In the year 843 AD the old Frankish Empire was divided. The Treaty of Verdun granted Louis the German, son of Louis the Pious, all the Frankish territory east of the Rhine River. This was the nucleus of the Holy Roman Empire and modern Germany, but back then it was little more than Francia Orientalis, the Eastern part of the Frankish Empire.
Louis the Pious, depiction from 831, in de laudibus sanctae crucis, Biblioteca Apostolica Vaticana
Eastern Frankish History until 919 AD:
Already a year earlier, in 842 AD, Louis and his brother Charles the Bald swore not to attack each other, and not to aid the third son of Louis the Pious, Lothair. The Oaths of Strasbourg are of special significance because they not oblige the kings’ soldiers to disobey their master if he should break the oath, but also because they provide some of the earliest specimen of Old French and Old High German, the forerunners of the modern German and French languages. By addressing the armies in their native tongues Louis and Charles made sure, everyone understood what was being said:
In godes minna ind in thes christiânes folches ind unsêr bêdhero gehaltnissî, fon thesemo dage frammordes, sô fram sô mir got gewizci indi mahd furgibit, sô haldih thesan mînan bruodher, sôso man mit rehtu sînan bruodher scal, in thiu thaz er mig sô sama duo, indi mit Ludheren in nohheiniu thing ne gegango, the mînan willon imo ce scadhen werdhên.”
For the love of God and Christendom and the salvation of us both, from this day on, as God will give me the wisdom and power, I shall protect this brother of mine, as one ought to protect one's brother, so that he may do the same for me, and I shall never go along with Lothair in anything that, by my will, would harm him [Louis].
Pro Deo amur et pro christian poblo et nostro comun salvament, d'ist di in avant, in quant Deus savir et podir me dunat, si salvarai eo cist meon fradre Karlo, et in adjudha et in cadhuna cosa si cum om per dreit son fradra salvar dift, in o quid il mi altresi fazet; et ab Ludher nul plaid nunquam prindrai qui meon vol cist meon fradre Karlo in damno sit.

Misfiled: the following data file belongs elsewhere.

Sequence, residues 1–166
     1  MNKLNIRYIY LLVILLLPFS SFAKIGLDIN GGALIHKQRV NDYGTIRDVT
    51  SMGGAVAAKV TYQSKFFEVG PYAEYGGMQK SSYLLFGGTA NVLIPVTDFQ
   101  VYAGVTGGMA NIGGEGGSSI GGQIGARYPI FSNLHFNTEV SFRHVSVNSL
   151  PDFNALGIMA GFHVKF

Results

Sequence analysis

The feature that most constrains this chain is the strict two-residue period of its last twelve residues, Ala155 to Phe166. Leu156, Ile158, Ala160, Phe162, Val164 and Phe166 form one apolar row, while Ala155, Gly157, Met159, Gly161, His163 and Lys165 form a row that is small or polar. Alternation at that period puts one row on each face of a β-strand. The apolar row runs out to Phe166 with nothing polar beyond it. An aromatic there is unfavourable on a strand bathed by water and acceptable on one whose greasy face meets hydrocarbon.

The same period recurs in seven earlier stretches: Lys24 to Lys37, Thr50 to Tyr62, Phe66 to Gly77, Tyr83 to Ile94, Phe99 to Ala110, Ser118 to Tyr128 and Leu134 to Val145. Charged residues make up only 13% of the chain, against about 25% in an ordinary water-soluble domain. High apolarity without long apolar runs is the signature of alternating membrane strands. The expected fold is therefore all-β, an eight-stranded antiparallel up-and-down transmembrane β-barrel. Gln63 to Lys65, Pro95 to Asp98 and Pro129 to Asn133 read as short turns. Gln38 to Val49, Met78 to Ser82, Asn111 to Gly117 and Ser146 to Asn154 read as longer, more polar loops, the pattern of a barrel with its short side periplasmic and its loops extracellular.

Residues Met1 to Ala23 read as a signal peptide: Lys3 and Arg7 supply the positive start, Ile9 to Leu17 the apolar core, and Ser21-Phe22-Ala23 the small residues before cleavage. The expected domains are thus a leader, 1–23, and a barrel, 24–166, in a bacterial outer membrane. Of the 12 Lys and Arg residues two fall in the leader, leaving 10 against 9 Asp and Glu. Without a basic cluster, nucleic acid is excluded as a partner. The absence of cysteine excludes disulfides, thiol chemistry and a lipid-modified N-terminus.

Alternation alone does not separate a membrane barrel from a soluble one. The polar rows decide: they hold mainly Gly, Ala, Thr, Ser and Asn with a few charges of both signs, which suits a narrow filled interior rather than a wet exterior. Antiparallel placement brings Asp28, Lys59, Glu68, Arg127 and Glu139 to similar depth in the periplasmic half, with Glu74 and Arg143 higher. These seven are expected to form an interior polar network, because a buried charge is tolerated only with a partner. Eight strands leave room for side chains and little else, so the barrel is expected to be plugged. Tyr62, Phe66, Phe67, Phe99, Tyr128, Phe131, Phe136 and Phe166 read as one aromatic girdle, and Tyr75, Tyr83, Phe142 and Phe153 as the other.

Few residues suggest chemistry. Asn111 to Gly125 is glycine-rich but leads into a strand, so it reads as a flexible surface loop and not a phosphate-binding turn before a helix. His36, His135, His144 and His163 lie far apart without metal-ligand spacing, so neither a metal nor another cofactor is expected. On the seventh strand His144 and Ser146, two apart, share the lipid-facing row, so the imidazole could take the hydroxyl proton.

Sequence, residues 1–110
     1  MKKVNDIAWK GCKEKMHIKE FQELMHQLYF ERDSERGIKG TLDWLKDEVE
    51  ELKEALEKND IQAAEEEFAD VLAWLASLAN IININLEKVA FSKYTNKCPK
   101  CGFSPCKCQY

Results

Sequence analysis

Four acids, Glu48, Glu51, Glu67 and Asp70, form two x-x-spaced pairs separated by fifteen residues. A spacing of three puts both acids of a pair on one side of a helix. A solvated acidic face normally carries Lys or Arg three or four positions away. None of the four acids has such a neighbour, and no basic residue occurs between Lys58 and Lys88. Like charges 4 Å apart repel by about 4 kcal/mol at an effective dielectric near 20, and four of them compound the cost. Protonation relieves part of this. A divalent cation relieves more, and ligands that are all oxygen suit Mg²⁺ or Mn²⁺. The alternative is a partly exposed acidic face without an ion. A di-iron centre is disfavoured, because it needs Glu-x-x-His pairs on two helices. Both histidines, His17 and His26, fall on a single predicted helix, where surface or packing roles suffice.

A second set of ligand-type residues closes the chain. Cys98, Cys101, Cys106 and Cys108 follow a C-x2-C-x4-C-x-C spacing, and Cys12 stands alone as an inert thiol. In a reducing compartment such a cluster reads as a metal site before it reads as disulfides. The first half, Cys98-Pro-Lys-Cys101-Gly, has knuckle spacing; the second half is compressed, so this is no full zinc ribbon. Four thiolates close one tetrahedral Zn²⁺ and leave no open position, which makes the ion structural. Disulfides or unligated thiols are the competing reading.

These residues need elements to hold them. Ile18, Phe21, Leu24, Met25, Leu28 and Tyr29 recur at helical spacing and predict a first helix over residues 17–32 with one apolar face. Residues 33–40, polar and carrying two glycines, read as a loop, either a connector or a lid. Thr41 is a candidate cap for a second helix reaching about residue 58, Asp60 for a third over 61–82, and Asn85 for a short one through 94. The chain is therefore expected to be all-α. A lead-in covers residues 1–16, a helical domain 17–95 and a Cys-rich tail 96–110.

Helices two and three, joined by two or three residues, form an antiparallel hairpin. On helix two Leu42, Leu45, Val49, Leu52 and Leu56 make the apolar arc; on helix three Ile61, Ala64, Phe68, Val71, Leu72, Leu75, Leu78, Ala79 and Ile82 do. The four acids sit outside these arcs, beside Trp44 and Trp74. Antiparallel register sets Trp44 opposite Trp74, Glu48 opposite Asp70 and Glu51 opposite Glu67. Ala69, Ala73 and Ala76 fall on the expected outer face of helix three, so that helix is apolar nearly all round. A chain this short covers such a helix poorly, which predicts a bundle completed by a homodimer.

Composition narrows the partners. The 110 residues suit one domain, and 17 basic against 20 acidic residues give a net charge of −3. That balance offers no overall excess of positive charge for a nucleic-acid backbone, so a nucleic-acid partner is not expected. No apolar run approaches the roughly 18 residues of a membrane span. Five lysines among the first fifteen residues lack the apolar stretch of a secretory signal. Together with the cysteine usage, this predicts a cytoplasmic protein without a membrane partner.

For the love of God and for Christendom and our common salvation, from this day onwards, as God will give me the wisdom and power, I shall protect this brother of mine Charles, with aid or anything else, as one ought to protect one's brother, so that he may do the same for me, and I shall never knowingly make any covenant with Lothair that would harm this brother of mine Charles.
The grandsons of Charlemagne indeed could not afford inner-dynastic quarrels as they had plenty of foreign enemies to fight against. Worse for Louis, most of his kingdom was borderland which only recently had been conquered. Consequently it was rather underdeveloped compared to the west or Italy, with only a few cities. Ferocious and warlike people dwelled beyond these borders, like the Vikings, the Slavs, and most dangerous of all, the Magyars. They permanently threatened and raided Eastern Frankish territory.
The Treaty of Verdun
However the peace between the east and west of the Frankish realm did not last long. When the common enemy Lothair died in 855, Charles and Louis openly engaged in conflict with each other. The situation became worse after Lothair II, Lothair’s son, also had died leaving his realm without ruler. Louis prevailed securing most of Lothair’s land, Lotharingia, the forerunner of modern Lorraine which would become object of Franco-German rivalry for many centuries to come. The Treaty of Meersen confirmed the new division, while Louis II, another son of Lothair, gained Italy.